It’s not big, but it can be clever, by Gill Morgan

13 Nov 09
GILL MORGAN | Wales’s relatively small size is an advantage when it comes to joined-up working, which is now more essential than ever

Wales’s relatively small size is an advantage when it comes to joined-up working, which is now more essential than ever

One of the special things about Wales is its size – we are a small country, and we’re trying to be a clever one, too. We ought to be aiming to be an exemplar of connectivity and joined-up thinking – that should be our unique selling point.

Joined-up policy is the big challenge of the twenty-first century for governments all over the world, because governments tend to work in silos, and the massive problems facing the world today sit between those silos. For example, when we talk about problems in rural areas, it’s not just about agriculture – it’s about transport links, schools, health and social care; all those other services and how well they are integrated. It’s a challenge, but it’s one we have to meet to ensure that citizens get the government and the services they deserve.

At the Welsh Assembly Government, we have changed our internal structure to make us fitter to deal with the challenge of producing joined-up policies. I now have a team of cross-cutting director-generals, working to cross-cutting Cabinet committees to drive connectivity in three ways:

  • joined up between different policy areas
  • joined internally to provide twenty-first century business
  • joined up between ourselves and the outside world.

But this new structure will only help us achieve real improvements for Welsh citizens if we work with our partners. We are unique in that we can get 200 people in a room and they will influence 90% of the money spent in Wales.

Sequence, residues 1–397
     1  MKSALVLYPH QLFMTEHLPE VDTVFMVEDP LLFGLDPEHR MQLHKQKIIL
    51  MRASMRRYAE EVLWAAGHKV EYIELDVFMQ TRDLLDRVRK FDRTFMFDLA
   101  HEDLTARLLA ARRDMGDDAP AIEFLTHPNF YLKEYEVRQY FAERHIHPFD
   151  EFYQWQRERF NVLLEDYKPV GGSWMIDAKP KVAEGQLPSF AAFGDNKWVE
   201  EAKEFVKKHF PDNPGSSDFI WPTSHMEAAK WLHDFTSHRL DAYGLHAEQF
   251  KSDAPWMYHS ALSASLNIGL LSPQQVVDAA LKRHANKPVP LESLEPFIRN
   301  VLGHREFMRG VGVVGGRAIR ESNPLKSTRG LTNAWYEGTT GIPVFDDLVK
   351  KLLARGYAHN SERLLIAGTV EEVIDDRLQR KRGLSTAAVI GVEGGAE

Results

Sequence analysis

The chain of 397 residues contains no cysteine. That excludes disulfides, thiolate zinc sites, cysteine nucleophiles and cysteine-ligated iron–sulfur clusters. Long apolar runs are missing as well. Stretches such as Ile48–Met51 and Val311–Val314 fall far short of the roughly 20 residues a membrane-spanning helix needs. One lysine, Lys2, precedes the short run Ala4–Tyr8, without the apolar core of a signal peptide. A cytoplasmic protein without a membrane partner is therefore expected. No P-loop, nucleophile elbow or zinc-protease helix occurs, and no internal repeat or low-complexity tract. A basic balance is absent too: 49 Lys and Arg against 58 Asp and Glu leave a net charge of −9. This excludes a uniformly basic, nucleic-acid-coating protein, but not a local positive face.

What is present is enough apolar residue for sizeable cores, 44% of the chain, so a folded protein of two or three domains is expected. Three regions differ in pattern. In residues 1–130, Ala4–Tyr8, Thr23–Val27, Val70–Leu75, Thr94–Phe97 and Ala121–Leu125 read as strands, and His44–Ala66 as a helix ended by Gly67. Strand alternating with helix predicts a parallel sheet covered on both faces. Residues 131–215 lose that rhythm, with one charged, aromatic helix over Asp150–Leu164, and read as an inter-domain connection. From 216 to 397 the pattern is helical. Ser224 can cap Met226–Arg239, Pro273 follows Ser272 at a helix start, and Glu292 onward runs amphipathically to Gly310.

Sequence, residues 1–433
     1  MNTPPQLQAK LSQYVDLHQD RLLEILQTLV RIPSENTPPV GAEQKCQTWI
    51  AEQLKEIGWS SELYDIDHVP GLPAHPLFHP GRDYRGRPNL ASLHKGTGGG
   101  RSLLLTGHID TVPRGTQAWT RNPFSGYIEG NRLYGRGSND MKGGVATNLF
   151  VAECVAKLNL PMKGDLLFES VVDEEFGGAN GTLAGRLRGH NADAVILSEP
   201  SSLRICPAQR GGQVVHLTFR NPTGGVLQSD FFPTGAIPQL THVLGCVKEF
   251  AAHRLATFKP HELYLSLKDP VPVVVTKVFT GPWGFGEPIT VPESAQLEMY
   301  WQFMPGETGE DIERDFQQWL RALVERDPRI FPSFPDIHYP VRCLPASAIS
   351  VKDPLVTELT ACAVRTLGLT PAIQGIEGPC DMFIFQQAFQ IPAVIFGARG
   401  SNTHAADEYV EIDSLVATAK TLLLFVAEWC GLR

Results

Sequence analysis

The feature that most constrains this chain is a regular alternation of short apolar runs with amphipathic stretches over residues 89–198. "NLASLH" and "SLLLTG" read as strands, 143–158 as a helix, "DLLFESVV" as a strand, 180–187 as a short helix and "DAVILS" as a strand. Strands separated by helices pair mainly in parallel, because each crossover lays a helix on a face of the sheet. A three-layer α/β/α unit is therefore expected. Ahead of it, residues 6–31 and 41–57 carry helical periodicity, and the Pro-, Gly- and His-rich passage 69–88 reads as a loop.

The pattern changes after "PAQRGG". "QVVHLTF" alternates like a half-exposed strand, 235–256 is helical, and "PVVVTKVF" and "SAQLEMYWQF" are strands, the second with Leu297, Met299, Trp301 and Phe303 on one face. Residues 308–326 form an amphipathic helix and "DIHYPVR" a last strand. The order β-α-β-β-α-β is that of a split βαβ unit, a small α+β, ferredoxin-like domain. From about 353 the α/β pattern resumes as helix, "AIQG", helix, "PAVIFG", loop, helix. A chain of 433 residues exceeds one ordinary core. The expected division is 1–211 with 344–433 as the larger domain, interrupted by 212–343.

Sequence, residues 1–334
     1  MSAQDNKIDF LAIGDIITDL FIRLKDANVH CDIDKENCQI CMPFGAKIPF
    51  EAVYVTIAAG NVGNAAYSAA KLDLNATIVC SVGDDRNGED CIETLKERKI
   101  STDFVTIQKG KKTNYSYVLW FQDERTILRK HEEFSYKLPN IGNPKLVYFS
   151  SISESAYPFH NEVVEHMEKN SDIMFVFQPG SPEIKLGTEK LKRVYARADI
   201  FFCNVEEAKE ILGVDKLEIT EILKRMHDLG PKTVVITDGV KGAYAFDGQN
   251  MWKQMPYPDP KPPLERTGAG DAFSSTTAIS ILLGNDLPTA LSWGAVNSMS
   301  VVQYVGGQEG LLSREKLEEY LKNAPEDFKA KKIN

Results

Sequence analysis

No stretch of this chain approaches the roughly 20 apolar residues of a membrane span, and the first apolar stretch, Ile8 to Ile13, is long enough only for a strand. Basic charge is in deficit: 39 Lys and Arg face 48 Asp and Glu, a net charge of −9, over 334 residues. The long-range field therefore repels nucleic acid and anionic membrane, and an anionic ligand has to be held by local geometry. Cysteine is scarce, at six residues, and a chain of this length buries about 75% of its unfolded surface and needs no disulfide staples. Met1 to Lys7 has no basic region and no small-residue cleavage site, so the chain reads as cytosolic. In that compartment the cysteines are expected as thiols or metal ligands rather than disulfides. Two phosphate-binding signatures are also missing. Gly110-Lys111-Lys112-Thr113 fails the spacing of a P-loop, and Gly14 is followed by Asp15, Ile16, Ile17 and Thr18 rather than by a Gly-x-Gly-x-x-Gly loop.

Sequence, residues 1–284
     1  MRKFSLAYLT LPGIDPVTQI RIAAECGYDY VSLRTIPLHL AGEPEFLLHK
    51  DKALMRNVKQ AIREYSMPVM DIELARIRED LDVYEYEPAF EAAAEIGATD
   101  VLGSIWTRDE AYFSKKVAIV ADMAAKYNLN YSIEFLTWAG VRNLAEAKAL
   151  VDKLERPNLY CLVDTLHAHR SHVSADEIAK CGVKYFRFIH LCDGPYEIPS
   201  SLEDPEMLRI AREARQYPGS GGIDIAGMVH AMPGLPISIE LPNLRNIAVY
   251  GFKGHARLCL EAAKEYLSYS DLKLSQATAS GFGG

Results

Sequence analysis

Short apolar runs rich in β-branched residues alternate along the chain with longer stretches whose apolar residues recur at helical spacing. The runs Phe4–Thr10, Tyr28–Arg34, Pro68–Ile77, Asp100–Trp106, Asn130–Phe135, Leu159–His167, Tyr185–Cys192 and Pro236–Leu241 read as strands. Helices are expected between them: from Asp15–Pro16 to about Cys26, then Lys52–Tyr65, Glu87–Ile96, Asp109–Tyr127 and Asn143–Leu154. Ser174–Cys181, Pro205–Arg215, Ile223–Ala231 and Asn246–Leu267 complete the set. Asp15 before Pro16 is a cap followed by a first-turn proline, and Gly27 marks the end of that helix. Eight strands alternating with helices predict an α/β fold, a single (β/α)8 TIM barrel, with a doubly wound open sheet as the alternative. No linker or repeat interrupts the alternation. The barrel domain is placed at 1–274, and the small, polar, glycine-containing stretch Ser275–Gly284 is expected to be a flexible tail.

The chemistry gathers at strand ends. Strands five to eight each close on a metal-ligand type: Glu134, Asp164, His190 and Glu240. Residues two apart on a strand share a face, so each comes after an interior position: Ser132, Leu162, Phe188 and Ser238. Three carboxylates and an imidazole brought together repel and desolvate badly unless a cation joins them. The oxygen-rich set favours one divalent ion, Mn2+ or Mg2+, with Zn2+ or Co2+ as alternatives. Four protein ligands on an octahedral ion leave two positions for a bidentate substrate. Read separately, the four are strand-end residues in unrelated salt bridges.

So we are putting in place the mechanisms – a finance network, a human resources network, an executive leadership group – to get the main decision-makers together to ensure that those major decisions are taken with a Welsh view, not with an individual organisational view. All of this will support the very strong political links that are a characteristic of Wales.

So, why do we have to improve? It’s because of the scale of the challenge facing us. If we look at the budget projections for public expenditure, it suggests that there is going to be around a 10% reduction in public spending over the next few years. In Wales, that could mean a reduction of about £1.4bn in the money available to us.

We will have to become more efficient in our use of resources, but we must also become more innovative, and look for improvements in how we provide services. And we must put the citizen at the centre of what we do.

We can meet that challenge in two ways. We can either tackle it separately, protecting our own areas and sacrificing the things we do in partnership, or we can do things together. If we sacrifice partnership working, we know that will have an adverse impact on the services that most affect citizens’ lives, and that some of the most vulnerable people in our society rely on.

We have to work together – quality services for citizens will be provided and maintained only through sound and productive relationships and by tackling things once in a multi-agency approach, rather than lots of organisations all doing their own thing. When public services are redesigned in this way, they achieve better services by improving efficiency and removing waste and duplication.

Yes, the challenge is enormous, but I am confident we can meet it. It’s time for Wales to step up to the plate and become an exemplar, fulfilling the vision of the out-going first minister, Rhodri Morgan, of a small, clever country.

Dame Gillian Morgan is the permanent secretary of the Welsh Assembly Government. She will be addressing the CIPFA in Wales Annual Conference on November 18

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